10:50 a.m.: Behind Already Less than an hour in and the complaints began: The summit was running behind schedule. "We're going to need to be more disciplined moving forward if we're going to be able to cover every item," Obama scolded. He accepted some blame for going overtime with his initial remarks. "I'll try to set the example here," he said.
11:43: Republican Complaints The Senate Republican leader, Mitch McConnell, complained to the Referee-in-Chief. Obama wasn't having it, and he seemed annoyed at the interruption, but later admitted: "You're right, there was an imbalance on the opening statements because I'm the president," he said, drawing laughter from the room. "I didn't count my time."
12:05 p.m.: Talking Points Alert! Clearly tired of the anti-Washington rhetoric, Obama called out Sen. Jon Kyl. "Can I just say that, at this point, any time that a question is phrased as, 'Does Washington know better,' I think we're kind of tipping the scales a little bit there since we all know that everybody is angry at Washington right now."
12:30: The Election's Over, Sen. McCain Whether it was the message or the messenger that irked him, Obama saved his sharpest retort for his 2008 campaign rival, Sen. John McCain. "We're not campaigning anymore. The election's over," Obama interjected as McCain listed "special interest" deals in the Democratic bill. "I'm reminded of that every day," the Arizona Republican replied with a smile.
12:40: Enough With the Props Barely 10 minutes after taking on McCain, the president voiced his displeasure at the House GOP whip, Rep. Eric Cantor, for using the 2,000-plus-page health care bill as a decoration for his desk. "Let me just guess -- that that's the 2,400-page health care bill. Is that right?" Obama said, adopting the tone of a weary parent. A few minutes later, he challenged Cantor more directly, referring to his arrangement of the legislation printout as a "prop." "These are the kind of political things we do that prevent us from actually having a conversation," Obama said.
2:30: Speed It Up Obama seemed to return from the lunch break in a calmer mood. But as the meeting dragged on, he reminded both Democrats and Republicans to keep things moving. "Jay, let's wrap it up," he said to Sen. Jay Rockefeller.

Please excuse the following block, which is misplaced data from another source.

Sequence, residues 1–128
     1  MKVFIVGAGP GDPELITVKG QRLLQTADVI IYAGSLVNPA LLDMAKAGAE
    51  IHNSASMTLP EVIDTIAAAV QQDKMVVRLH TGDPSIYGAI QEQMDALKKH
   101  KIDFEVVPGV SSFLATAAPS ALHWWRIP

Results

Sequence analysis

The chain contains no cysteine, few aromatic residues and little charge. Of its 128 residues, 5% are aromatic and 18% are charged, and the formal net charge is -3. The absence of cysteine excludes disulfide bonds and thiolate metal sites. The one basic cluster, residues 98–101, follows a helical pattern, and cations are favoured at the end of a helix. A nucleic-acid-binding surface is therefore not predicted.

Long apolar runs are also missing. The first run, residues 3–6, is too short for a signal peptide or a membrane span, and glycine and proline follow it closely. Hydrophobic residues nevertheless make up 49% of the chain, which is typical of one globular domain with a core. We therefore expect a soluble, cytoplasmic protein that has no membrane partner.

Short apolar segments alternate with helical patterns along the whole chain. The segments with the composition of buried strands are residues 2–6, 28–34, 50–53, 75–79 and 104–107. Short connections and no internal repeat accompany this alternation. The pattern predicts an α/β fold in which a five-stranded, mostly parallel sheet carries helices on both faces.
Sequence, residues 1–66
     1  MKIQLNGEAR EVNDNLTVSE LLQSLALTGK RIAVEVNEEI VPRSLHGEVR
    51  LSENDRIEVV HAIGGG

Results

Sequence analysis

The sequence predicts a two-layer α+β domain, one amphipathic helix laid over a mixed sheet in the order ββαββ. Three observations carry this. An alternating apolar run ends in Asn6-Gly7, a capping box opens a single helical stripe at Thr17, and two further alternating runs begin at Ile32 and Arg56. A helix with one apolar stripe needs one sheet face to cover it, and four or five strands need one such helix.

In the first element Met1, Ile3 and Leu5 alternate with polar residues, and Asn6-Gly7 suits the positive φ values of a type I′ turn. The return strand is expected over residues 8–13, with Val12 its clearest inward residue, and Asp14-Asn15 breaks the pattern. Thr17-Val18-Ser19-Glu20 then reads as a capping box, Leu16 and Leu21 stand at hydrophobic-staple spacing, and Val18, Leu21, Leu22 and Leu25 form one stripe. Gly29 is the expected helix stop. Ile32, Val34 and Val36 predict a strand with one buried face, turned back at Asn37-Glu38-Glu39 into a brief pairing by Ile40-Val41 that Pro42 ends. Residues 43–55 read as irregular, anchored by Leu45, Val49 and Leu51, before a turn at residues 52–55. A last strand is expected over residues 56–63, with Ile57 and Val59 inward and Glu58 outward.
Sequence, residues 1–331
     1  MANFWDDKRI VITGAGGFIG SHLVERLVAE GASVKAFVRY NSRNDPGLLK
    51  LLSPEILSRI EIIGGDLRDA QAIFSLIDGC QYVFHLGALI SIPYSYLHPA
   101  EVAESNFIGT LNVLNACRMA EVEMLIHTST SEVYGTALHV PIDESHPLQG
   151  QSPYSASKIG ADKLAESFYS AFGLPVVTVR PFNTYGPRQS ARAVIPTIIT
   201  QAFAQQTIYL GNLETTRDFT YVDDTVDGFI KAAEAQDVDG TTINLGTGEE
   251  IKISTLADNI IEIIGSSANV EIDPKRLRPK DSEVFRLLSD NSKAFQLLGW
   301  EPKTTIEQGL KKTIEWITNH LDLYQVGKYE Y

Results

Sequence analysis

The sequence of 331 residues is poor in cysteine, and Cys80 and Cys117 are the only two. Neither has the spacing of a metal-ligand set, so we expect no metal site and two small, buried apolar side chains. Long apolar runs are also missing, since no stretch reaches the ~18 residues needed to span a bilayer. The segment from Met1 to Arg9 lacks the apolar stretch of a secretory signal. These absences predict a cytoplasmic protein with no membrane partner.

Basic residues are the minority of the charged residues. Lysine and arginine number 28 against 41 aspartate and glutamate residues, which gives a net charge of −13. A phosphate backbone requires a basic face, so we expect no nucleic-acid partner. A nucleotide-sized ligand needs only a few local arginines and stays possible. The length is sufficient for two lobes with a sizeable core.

3:30: Again With the Talking Points After House Minority Leader John Boehner used his time during the section on insurance market reform to repeat his longstanding criticism of the entire Democratic proposal, Obama responded with a verbal eye-roll -- in addition to a few head-shakes caught by the TV cameras. He suggested that other Republicans in the meeting have made substantive points, while Boehner simply went back to the "standard talking points that Republicans and Democrats have had for the past year."
4:10: You Too, Waxman Having already reprimanded Republicans for grandstanding, the president knocked down a fellow Democrat in a similar manner after Rep. Henry Waxman began to question whether Republicans were genuinely interested in health care reform. Obama tersely shut him up. "I'm going to be equal opportunity here," he told Waxman. "We're not making campaign speeches right now."
5:30: The Wrap-Up Obama's long soliloquy at the conclusion of the seven-hour summit signaled he was resigned to the fact that the partisan differences on health care were unlikely to be bridged. He urged Republicans to do some soul-searching, but his tone did not project confidence that a bipartisan solution was at hand. Still, outside Blair House it was as if the day full of frustration had never happened. The summit, he concluded, had been "a terrific conversation."